The Environmental Economics Approach to Liveops Content Management

I’m sure Candy Crush will put Hotelling over the line for a posthumous Nobel Prize.

In 1931, American economist Harold Hotelling published the seminal paper The Economics of Exhaustible Resources. Harold described a problem many firms face: how much of a non-renewable resource should they sell at any given time? This problem is more obvious when thinking about managing an oil supply, but just as relevant when considering how to manage match-3 levels.

For oil firms, since supply is always declining, price should move up at every \(t + 1\) period, holding all else constant. As a result, the optimization question emerges: Do I sell my oil now or wait for a higher price later? To solve, we first need to understand net present value or the idea that value now is worth more then value later. We can model this as:
$$ V_{today} = V_{later} / {(1+r)^n}$$
Where \(r\) is the interest rate or a proxy for opportunity costs and \(n\) is the number of periods. All we’re saying here is that $1,000, say, 7 years from now is only worth $710 dollars today at a 5% interest rate. This is because I could take that $710 dollars, invest it, and in 7 years I’d have $1,000 given the 5% interest rate.
$$ $710 = $1000/ (1+.05)^7 $$

The more the interest rate rises, the more sense it makes to sell oil now and invest the money rather than waiting for the price of the oil increase. The oil firm needs to compare the rate at which the oil price increases against the rate of interest. As such, the price of the oil is strongly correlated with the increase of the interest rate over time.

Source

Hotelling’s approach and intuition helped form what is called dynamic programming economics. More wrinkles have been added to the model to solve everything from cake-eating to managing how many fish should be caught. The tools of the field help us solve tricky now or later dilemmas.

Consider the release cadence of television show episodes. Should Netflix release all episodes in a given season all at once, in batches, or weekly? Perhaps even monthly? The problem is littered throughout gaming: should I use a limited-time direct store or an always growing catalog store? How should I distribute rewards throughout progression? Should I save content for a UA burst? And like the oil firm, we’re in search of the content rationing solution that maximizes \(LTV\).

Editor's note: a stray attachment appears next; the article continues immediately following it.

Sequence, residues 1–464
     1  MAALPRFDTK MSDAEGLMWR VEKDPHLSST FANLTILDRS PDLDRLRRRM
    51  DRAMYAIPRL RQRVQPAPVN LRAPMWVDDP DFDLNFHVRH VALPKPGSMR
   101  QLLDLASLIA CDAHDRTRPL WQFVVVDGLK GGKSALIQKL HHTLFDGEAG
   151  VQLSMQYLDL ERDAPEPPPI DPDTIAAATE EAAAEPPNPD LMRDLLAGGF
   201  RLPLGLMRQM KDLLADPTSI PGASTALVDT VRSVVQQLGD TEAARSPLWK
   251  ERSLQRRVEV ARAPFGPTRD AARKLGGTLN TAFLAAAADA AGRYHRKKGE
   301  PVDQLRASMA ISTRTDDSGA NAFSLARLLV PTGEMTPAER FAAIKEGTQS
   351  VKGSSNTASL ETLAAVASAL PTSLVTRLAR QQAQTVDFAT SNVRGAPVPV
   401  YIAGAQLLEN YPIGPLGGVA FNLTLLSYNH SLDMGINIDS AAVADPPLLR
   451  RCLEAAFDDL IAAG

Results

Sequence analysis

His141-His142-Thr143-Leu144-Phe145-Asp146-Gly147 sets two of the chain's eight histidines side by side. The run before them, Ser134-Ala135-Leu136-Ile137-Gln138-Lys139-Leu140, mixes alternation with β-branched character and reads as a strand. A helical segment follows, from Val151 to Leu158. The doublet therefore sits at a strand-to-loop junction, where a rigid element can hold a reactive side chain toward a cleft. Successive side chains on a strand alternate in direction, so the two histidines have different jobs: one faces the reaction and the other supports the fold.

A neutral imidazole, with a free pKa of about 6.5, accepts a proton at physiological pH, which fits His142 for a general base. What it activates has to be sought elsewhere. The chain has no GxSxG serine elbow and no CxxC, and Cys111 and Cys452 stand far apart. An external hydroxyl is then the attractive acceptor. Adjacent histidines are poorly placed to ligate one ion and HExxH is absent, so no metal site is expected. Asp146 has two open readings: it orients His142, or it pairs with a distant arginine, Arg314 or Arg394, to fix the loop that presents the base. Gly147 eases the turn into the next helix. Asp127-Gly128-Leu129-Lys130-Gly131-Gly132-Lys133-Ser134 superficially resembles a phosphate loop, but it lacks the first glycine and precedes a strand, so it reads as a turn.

Match-3 Player Level Management

Consider how King should ration Candy Crush levels for new players. King is producing new levels at some constant rate \(p\). But we know that players are consuming levels at a greater rate than King can make them in any given time period \(t\). $$ c_t > p_t $$
At some point, a given player will run out of levels, the speed of which is governed by the size of \(c_t – p_t \). We can pick some random constants to visualize this:
We might also think of a player as having a churn probability on any given day since install. This declines over time: the best predictor of a player retaining on D30 is if they retained on D29 ( decreasing convex or \( \frac {\partial Pr(Churn)}{\partial DaysSinceInstall} {<}0 \)). This suggests elder players are less difficulty “elastic” or respond less to increases in difficulty.
And yet, we might imagine that the probability of churn increases every day without new levels as well (increasing convex or \( \frac {\partial Pr(Churn|NoNewLevels)}{\partial DaysSinceInstall}{>}0 \)). In the example above, the player ran out of levels on D205.
In the long-run, King could ramp up level production, but that would eventually hit diminishing returns and has its own labor costs. As a substitute, King’s main lever to control player progression speed is difficulty. By raising difficulty, King can shift the line further right, as it would take longer for the player to reach the no content or exhaustion point. King could even tune difficulty such that \(c_t = p_t\) and the player would never run out of levels. On the other hand, if difficulty is too hard then churn will spike (low difficulty also causes this)! This suggests that King needs to solve an intertemporal difficulty optimization problem. That’s a mouthful, but all it means is that King needs to balance the spike in probability from not enough levels against the spike in probability from increasing difficulty too much. To do so, we first need to model the total marginal effect of no new levels for every day since install, \(d\). This is the counterfactual churn probability of when there were levels against the current probability of churn when there are no more levels.
$$ \text{Total Marginal Effect of No New Levels} \\= \Sigma{[Pr(Churn|NoNewLevels)_d – Pr(Churn|NewLevels)_d}] $$

Whereas increasing difficulty to delay this from occurring has its own cost.

$$ \text{Total Marginal Effect of Increasing Difficulty} \\= \Sigma{[Pr(Churn|Difficulty_{x+1})_d} – Pr(Churn|Difficulty_x)_d ] $$

The solution to this system of equations is what we might call the maximum sustainable difficulty. And the intuition is similar to what first developed for the oil firm.

A bunch more stuff falls out of the model. For instance, King should significantly increase the difficulty of levels that are just near the exhaustion point, just as the oil firm would significantly increase the price of the last bits of oil. There’s very little downside to doing so, as the player will be in a high probability space soon enough anyways. Furthermore, since King is always stockpiling levels, new players face an exhaustion point further away then players who downloaded the game at first launch. It’s in King’s interest to ease up on the difficulty for early levels since the area underneath the churn curve expands as the exhaustion point moves rightward.

There’s much more room for expansion of the model and I encourage data scientists to play a strong role in systems design.

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